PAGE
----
Between April 8 and 12, 2021, educators, researchers and community members virtually met for the American Educational Research Association (AERA) annual meeting. This year’s theme was, ‘Accepting Educational Responsibility’. Dr. Sejal Patel and Maria Yau shared about their community engaged research project studying a large urban school board’s initiative on inner-city students and its structural supports for learning coaches as part of the session.
About Maria Yau
Maria Yee-man Yau was an educational researcher associated with the TDSB for over 30 years. She is currently an educational research consultant working on projects at municipal, provincial and national levels. Maria’s years of research have covered a wide range of equity related issues including understanding and addressing the needs of immigrant and refugee populations, students from diverse racialized backgrounds, English Language Learners, international students, students with disabilities, and low socioeconomic communities. Aside from research, Maria sits on the board of directors of a charitable organization in support of immigrant youth, mentors young people in the workplace and the community, and supports rural education and youth development globally.
As parents underwent virtual learning challenges in Spring 2020, the Toronto Star invited Dr. Sejal Patel to chat with Star readers who had questions about education during this unprecedented time.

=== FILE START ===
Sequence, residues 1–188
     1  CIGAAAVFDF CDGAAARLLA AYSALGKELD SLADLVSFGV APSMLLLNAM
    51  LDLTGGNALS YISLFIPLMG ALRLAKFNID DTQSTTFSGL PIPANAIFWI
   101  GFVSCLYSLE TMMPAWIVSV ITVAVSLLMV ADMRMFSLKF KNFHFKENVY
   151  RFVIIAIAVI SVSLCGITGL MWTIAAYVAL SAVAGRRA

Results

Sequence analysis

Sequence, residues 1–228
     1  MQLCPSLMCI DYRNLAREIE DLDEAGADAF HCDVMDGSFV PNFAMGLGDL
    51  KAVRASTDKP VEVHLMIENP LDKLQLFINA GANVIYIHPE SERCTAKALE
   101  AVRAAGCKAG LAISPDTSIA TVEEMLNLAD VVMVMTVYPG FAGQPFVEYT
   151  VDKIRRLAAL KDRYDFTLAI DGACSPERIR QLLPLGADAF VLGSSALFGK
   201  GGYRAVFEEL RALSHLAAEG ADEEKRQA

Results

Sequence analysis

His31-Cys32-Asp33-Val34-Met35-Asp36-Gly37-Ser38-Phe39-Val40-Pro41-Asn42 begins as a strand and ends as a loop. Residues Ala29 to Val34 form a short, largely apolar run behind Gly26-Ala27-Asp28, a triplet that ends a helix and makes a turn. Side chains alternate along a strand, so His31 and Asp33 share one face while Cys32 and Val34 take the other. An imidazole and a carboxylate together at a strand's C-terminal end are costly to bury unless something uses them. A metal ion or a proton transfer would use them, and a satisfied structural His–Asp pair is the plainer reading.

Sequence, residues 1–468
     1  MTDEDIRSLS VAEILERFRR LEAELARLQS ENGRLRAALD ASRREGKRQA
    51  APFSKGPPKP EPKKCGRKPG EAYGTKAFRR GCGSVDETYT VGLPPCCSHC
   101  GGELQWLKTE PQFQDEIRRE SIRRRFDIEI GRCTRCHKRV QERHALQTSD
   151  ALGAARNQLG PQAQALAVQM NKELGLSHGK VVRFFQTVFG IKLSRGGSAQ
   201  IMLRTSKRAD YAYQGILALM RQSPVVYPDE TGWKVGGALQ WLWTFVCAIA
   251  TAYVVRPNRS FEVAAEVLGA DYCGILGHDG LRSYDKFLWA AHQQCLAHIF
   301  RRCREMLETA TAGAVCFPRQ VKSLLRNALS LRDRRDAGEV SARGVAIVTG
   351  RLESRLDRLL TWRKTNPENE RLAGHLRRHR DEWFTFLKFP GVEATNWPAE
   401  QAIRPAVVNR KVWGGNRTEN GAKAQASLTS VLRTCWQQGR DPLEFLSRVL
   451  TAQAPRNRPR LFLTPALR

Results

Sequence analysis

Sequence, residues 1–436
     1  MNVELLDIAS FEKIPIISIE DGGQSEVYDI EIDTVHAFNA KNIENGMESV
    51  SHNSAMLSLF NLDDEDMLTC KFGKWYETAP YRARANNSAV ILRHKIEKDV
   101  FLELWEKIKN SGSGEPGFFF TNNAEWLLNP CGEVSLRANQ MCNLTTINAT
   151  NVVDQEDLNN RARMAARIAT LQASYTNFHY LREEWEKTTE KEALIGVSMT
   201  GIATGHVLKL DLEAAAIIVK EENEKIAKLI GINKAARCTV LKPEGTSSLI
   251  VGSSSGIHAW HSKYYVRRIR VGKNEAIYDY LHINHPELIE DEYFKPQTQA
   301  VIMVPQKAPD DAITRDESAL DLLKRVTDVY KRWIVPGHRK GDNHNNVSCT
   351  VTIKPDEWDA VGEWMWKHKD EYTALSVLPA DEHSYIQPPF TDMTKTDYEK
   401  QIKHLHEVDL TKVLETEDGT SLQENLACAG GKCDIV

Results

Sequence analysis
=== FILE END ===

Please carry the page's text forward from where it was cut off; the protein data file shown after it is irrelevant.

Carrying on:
Parents and caregivers shared their questions about how to keep children engaged with online learning and how to socialize young children in a time where social distancing measures were recommended.
In the Q&A Dr. Patel acknowledged that online learning while maintaining social distancing may increase inequities for children and families with certain families and communities not gaining as much from virtual learning due to their circumstances. She noted that we will have to pay attention to this as a society, working together to support one another, building upon strengths and monitoring progress once we are through the period of distancing (Patel, 2020). Read the full interview here.
In 2016, Dr. Patel published findings from a study investigating the relations between participation in integrated early childhood services and children’s early development. The findings have implications for our circumstances today, with more equitable learning outcomes for 4 and 5 year old children who had greater participation in integrated early childhood programming (including full day kindergarten) in terms of children’s physical health and well-being, language and cognitive development and communication and general knowledge, after taking into consideration demographic, parent and school site factors.
Access the full study, ‘Dose-response’ relations between participation in integrated early childhood services and children’s early development,here.